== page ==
If you’re all riffed out at this point, then take in the complex but oddly calming wonder that is the first few minutes of ‘One’. It’s another war story, based on a tragically wounded soldier (“I’m waking up, I cannot see/ That there’s not much left of me”), with delicate finger-picking that contrasts with the hopeless lyrics. What’s that? You’d prefer some furious, face-melting, demon summoning chugging and shredding? This song has it all.

2. Creeping Death

(Ride The Lightning, 1984)

Right, let’s turn it up a notch. There’s something so arresting and towering about the opening of ‘Creeping Death’, biblical even – fitting, given it’s about the Plagues of Egypt’s Angel of Death. “Slaves,” Hetfield screams, and boy do we cower in submission. We’ve already established Hammett’s shredding mastery, but this is surely one of his most melodic and epic, befitting for a tale of Exodus. Fans know to join in with repeated chants of “Die!” at live shows.

1. Master Of Puppets

(Master Of Puppets, 1986)

Another example of Metallica’s master and slave dynamic, this is truly the boss of them all. It got a lot more airtime earlier this year due to that scene in Stranger Things, but ‘Master Of Puppets’ has long been hugely influential and was even the first metal song to enter the National Recording Registry.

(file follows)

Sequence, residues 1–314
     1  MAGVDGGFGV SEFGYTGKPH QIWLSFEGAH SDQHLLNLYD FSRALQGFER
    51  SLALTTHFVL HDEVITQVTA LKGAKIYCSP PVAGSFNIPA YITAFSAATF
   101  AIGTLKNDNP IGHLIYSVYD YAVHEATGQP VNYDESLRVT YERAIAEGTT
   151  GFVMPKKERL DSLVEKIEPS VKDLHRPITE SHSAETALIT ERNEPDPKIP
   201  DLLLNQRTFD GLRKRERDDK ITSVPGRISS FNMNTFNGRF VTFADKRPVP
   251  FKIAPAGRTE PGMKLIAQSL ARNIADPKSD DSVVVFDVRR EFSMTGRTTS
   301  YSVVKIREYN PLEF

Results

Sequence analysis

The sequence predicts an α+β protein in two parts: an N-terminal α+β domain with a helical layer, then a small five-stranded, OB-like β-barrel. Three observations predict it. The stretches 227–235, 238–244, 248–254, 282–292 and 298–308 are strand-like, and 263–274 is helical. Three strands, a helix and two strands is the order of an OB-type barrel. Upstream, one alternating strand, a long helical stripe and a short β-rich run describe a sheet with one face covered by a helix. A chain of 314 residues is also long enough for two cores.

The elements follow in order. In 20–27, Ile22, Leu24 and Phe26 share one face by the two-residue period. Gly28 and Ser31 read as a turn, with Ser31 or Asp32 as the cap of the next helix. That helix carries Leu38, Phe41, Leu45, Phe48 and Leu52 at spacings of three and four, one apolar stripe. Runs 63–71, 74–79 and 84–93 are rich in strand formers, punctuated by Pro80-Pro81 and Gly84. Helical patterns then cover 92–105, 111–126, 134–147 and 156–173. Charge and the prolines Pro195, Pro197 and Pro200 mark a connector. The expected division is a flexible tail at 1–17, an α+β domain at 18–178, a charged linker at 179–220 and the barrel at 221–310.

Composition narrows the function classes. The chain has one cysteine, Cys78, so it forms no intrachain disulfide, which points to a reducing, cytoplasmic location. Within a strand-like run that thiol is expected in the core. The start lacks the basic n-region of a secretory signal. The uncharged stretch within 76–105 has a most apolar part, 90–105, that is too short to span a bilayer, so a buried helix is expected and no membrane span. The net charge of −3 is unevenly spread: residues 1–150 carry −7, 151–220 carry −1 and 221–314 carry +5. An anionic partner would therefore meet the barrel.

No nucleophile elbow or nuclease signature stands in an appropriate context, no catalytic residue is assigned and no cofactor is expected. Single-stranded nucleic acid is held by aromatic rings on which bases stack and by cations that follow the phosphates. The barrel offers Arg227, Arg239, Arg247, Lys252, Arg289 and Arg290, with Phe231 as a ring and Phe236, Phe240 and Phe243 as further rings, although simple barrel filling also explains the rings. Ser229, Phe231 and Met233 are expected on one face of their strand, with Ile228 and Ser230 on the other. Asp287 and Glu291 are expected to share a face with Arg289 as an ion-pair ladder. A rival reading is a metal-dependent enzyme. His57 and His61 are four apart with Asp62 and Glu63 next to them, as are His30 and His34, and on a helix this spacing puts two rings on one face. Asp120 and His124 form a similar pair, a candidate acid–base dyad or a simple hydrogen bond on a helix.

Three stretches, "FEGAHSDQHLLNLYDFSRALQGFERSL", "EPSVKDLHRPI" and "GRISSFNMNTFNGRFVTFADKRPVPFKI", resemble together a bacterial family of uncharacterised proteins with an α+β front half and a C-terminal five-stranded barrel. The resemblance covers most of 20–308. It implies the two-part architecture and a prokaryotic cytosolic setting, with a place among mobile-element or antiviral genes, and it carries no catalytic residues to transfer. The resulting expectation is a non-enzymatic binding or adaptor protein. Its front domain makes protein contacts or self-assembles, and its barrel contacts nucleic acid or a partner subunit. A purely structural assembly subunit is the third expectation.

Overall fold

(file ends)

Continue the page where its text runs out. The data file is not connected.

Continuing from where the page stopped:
Recorded in Copenhagen in the winter of 1986, it’s a true team effort, with both Hetfield and Hammet taking turns to solo and downpick deep and dark verses, while Ulrich and Burton weave together each of the song’s four parts. Though its lyrics refer to the powerful and dangerous pull of addiction, it’s chants of “Master! Master!” creates an insane dynamic in a live set up, with thousands of metal heads at the band’s beckon call. It’s no surprise, then, that ‘Master of Puppets’ is Metallica’s most played song live.

Metallica play Download, taking place 8-11 June 2023. Tickets are available here.